I’ve learned that I’m stronger, more resilient, more determined, more persistent, more disciplined, and more courageous than I realized. I think I had these qualities before, but I’ve never drawn on them to the extent that I have since being diagnosed. Chronic illness has a way of bringing out the best – and the worst – in you. I’ve let go of some of the traits that no longer serve me well – like perfectionism and my fear of failure – and have embraced those – like patience and flexibility – that help me to cope.

I keep a quotation on my desk to remind me that I have the grit to prevail:

In the midst of winter, I found there was, within me, an invincible summer.

– Albert Camus

When I read it on the days when I’m doing well, I take satisfaction in knowing that I’ve handled whatever life – and MS – has thrown my way. And on the days when I’m doing poorly, it encourages me to dig deep within myself to find that inner core of strength.

Can you tell me about your website, and what readers can expect to find there?

What I’ve tried to create through my website, Invisible Multiple Sclerosis, is a one-stop shop for information about MS. There are some terrific resources available on the web, but it can be time-consuming to find them – and often difficult to judge their credibility. By sifting through what’s out there, and assembling the most reliable information in one place, I’m trying to connect people with the information they need more quickly, so they don’t have to search through multiple sites.

On, readers will find links to website information, online articles, blog posts, videos, podcasts and studies – organized by topic, so that it’s easier for them to zero in on the information they’re looking for. The site has resources for the newly diagnosed, and sections on fatigue, cognitive impairment, bowel and bladder problems, emotional changes, sleep disturbances, parenting, vitamin D and exercise. And in the coming months, I’ll be adding new information on caregiving, employment, stress management, CAM therapies and other MS symptoms, including pain, sexual dysfunction and spasticity.

The site also features my blog (Faulty Wiring), information about my book, lists of other books and websites I recommend, and some tips for managing MS.

The emphasis throughout is definitely on the invisible impact of MS, as the name of the site suggests, but I think anyone living with this illness will find the resources that I’ve included helpful. My Facebook page, Invisible Multiple Sclerosis, focuses more narrowly on the hidden symptoms of MS and the issues they present, but my website content is much broader than that, covering topics of interest to everyone.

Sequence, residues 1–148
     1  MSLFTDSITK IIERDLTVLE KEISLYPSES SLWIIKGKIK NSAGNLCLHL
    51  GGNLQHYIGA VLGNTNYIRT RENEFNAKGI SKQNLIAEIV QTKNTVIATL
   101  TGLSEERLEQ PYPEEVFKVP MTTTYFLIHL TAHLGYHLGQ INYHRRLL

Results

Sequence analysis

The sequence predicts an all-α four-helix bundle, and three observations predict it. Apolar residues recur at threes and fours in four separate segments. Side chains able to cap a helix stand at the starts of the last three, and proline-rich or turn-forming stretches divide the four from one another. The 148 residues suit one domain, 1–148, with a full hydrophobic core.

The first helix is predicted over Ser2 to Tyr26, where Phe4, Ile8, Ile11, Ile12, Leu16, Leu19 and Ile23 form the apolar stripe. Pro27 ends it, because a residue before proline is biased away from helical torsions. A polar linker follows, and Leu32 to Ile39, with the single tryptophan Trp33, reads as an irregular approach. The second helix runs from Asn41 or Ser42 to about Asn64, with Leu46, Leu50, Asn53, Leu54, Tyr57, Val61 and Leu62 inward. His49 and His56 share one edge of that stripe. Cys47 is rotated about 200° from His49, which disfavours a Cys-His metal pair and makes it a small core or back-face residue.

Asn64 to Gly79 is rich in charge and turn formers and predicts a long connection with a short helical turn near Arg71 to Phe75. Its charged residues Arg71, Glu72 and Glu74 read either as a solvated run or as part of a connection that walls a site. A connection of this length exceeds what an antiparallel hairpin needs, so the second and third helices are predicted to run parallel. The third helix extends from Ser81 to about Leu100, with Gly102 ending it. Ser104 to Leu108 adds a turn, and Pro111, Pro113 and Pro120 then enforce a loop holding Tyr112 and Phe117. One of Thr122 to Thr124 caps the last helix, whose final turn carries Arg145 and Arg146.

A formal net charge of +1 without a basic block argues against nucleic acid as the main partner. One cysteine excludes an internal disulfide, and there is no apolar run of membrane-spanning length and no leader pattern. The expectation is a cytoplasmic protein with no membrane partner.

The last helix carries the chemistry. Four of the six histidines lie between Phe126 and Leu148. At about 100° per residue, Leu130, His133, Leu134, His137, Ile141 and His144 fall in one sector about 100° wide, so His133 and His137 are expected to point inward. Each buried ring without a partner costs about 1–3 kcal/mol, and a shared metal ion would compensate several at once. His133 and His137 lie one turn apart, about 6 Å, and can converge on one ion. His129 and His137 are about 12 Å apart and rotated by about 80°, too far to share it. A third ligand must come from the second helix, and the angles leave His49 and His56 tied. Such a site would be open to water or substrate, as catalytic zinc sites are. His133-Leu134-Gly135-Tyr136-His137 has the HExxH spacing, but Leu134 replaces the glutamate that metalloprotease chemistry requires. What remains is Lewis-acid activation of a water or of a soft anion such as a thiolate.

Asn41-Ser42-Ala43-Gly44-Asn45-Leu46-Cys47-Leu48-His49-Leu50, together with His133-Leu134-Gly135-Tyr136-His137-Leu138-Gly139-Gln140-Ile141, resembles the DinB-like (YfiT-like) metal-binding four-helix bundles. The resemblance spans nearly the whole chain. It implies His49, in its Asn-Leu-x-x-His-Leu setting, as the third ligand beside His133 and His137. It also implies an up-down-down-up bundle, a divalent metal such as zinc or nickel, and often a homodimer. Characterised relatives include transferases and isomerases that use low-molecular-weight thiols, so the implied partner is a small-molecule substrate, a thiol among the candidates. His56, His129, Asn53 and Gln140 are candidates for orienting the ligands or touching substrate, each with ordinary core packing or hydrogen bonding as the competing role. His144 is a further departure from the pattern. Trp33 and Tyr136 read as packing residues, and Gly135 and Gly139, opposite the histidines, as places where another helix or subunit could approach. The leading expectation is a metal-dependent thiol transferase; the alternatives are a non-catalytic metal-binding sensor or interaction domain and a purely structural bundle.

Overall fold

I’m also very active on Twitter (@suzannemrobins), where I tweet exclusively about MS. So, if your readers are looking for a focused feed that will keep them up to date on the latest news and research on MS, and will point them to interesting blog posts and articles, they may want to follow me there. And I have some topic-specific MS boards on Pinterest at Invisible Multiple Sclerosis.


You’re damn right, I’m looking good!

Nothing is more annoying to those of us living with the invisible effects of chronic illness than to be told how great we’re looking, when we’re feeling like crap.

And it happens A LOT – usually at the tail end of a conversation that goes something like this:

“How are you doing?”

“Not great. I’m really tired. I’m not sleeping well, and my arms and legs feel so heavy.”

“I know. I’m tired too.”

“Not this kind of tired. Some days, I can’t even move or think straight. It feels like my body’s made of lead.”

“But you look SO good!”

And there you have it. The phrase we all know – and loathe. It doesn’t matter if you’re talking about fatigue, or depression, or pain, or cognitive problems. The response is almost always the same. You bear your soul and admit you’re really struggling. And the message you receive in return is: “I find that hard to believe.”

Perhaps, it’s well-intentioned. I don’t think they’re deliberately trying to be cruel. But it’s an expression of doubt, wrapped in a back-handed compliment, that nevertheless rankles and hurts. You feel like they’re calling you a liar and that you haven’t been heard.

But what if you chose to react differently, by interpreting these words as praise, not condemnation? A round of applause for all the things you’ve managed to do, in spite of your MS – and to cope with your MS.

After all…

  • YOU made the effort to get out of bed.
  • YOU lifted your arms to shampoo your hair.
  • YOU got dressed.
  • YOU put one foot in front of the other.
  • YOU managed to climb those stairs.
  • YOU tried your best to be productive.
  • YOU kept up with your kids.
  • YOU followed your doctor’s prescriptions.
  • YOU put your own needs first.
  • YOU paid attention to your diet.
  • YOU made it to the gym.
  • YOU overcame your fear of needles.
  • YOU found ways to manage stress.
  • YOU asked for help when it was needed.
  • YOU gave yourself permission to rest.
  • YOU took it in stride when you missed that appointment.
  • YOU didn’t cancel your plans.
  • YOU smiled when you didn’t feel like it.
  • YOU tried again.

Only YOU know what it takes to get through every day with this beast of an illness on your back. And YOU’RE the one who has CHOSEN to keep going when every cell in your body cries, “STOP!”

So the next time someone says, “But you look SO good,” resist that flare of irritation. Take a moment to give yourself a pat on the back for managing your illness so well. You’ve earned their praise. Take credit for your success. You’ve demonstrated strength and courage, you’ve modeled perseverance in the face of adversity, and you’ve maintained a semblance of normalcy because you’ve REFUSED to give up or give in.

While you may not feel like other people recognize it, YOU know that you have. And it’s a GOOD thing that you’re looking so well!